Clarifying Your Mental Model of Leadership

The first factor in your Leadership Philosophy Map is called your Mental Model of leadership. Admittedly, Mental Model is a management lingo for “what good looks like” as a leader. A useful analogy might be your mental model of a nice looking lawn. When you think of a “attractive lawn”, what comes to mind? If you live in eastern half of the US, you’re likely to picture lush, green grass, attractive landscaping, no weeds, bare spots or crabgrass, richly mulched flower beds, etc. All these elements combine into a picture of what “good looks like” when it comes to lawns. It is your mental model of a lawn, a picture you carry in your head to use when you evaluate your own or someone else’s lawn. In comparison to the mental model of an ideal lawn, your own may need a lot of work. Without giving it much thought in making that determination, you’ve evaluated your lawn against the model to determine what to buy on your next trip to the garden center. But if you lived in the southeastern US, say in Phoenix, you’d have a much different mental model of a lawn. Garden centers are more likely to sell colored, decorative rocks than grass seed. So mental models of leadership are, in part, reflections of culture. Latin cultures, for instance, have different conceptions of what good leadership looks like than North American culture.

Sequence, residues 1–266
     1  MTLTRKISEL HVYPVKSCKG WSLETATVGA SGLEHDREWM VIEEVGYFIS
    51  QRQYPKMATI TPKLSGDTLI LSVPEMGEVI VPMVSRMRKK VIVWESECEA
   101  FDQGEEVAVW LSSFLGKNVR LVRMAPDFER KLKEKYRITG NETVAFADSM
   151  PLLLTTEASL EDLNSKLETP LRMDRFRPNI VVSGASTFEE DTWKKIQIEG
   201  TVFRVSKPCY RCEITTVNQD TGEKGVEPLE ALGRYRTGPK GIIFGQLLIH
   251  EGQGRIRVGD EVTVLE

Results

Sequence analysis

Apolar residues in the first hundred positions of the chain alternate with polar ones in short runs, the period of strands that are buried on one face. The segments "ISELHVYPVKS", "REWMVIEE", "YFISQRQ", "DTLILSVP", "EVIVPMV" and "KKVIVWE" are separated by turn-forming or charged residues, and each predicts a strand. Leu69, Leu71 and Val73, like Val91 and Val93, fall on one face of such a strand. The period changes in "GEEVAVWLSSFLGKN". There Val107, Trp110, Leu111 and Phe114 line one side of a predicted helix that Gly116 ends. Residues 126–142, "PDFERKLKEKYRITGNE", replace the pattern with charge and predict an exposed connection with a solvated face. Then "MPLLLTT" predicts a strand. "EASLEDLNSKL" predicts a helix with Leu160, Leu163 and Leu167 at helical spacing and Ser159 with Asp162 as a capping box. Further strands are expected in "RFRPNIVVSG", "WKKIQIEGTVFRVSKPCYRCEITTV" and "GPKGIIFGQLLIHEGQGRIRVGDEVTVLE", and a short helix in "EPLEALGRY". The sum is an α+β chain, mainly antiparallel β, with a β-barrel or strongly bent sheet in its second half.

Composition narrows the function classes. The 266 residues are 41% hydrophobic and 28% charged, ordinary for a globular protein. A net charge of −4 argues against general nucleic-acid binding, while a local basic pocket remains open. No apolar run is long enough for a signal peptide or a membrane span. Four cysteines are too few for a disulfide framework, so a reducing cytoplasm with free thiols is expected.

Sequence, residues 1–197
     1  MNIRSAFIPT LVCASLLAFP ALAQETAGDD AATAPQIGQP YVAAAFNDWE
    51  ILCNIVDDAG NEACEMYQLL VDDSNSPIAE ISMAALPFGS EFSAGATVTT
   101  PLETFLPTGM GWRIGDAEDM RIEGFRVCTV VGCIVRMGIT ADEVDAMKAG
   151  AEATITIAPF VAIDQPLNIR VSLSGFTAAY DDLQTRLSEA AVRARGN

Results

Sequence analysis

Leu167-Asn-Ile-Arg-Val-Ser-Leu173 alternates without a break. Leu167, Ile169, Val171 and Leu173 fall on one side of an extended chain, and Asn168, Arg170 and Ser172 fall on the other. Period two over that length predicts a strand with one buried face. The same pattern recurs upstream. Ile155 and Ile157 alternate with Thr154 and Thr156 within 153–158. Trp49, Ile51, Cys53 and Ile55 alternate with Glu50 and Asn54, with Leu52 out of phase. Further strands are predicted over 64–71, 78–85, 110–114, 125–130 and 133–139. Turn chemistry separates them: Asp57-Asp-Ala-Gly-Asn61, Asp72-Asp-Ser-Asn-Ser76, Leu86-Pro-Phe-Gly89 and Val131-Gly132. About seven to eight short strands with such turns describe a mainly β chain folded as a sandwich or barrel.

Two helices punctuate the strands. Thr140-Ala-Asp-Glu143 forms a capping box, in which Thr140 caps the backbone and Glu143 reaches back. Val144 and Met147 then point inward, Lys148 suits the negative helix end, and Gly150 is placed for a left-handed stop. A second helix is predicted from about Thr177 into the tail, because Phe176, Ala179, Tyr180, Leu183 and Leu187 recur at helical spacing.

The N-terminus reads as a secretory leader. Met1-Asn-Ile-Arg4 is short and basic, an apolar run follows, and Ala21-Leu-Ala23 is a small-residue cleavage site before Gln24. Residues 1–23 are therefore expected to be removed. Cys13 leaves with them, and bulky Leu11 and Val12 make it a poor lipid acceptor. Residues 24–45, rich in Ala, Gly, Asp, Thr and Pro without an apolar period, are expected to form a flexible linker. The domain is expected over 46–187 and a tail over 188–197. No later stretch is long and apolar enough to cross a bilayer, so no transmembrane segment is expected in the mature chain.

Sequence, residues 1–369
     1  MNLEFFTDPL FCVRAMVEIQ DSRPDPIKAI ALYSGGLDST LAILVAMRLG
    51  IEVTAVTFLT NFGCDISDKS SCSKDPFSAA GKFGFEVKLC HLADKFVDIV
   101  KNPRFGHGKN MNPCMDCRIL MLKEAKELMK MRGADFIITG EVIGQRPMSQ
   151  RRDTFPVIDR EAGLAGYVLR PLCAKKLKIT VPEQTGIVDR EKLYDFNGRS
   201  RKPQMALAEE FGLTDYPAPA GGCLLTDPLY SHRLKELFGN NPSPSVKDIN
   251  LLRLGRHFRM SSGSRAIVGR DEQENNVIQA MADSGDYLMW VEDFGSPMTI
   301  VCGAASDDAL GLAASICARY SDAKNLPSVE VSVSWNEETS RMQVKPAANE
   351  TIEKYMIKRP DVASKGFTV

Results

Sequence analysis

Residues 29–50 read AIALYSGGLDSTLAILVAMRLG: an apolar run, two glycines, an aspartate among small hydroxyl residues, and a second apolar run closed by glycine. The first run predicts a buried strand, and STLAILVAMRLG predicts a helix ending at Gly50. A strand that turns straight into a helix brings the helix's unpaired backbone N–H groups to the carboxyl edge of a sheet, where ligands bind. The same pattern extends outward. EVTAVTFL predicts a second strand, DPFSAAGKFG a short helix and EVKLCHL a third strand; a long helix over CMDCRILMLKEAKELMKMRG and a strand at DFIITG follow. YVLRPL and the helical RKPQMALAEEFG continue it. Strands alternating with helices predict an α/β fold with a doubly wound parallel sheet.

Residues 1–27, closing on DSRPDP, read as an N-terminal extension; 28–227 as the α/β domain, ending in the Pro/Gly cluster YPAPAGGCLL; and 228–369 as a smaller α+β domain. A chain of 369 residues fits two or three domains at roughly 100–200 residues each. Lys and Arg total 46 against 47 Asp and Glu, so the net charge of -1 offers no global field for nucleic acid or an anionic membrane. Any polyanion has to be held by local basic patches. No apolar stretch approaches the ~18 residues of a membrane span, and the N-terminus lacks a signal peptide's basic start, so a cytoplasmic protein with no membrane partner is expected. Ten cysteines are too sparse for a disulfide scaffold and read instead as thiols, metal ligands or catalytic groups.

Jesus was very concerned that his disciples understood the difference between leading in the world and leading in the Kingdom of God, Luke 22:24-27. Worldly leadership, which is based on the flesh, has no place in the Kingdom, which is based upon the guidance and partnership with the indwelling Spirit. These are two conflicting mental models of leadership. God promises to bless the one and not the other, John 13:17.

There are two dominant metaphors for the role of the leader in Scripture, that of the servant and that of the shepherd. Over eighty percent of the time the English word “shepherd” is used in the context of a group or in a plural sense, the leader of the flock, the nation, the people of Israel, or the church. Interestingly, the English word “servant” is used in the singular sense, the servant of a master, of the gospel, of Christ, over 80% of the time. We can conclude that servants address the needs of individuals and shepherds address the needs of groups. Further, since leaders work with both individuals and with groups, the compound word servant-shepherd captures the mental model in Scripture for the role or work of a leader.

Application Questions:
1. How does your own mental model of a leader compare to that of Scripture?

2. Do the people you lead, your ministerial staff, for instance, have conflicting or similar mental models of leading?

3. Do the lay leaders who serve on your board have biblically-derived mental models of leadership or are they based upon worldly models?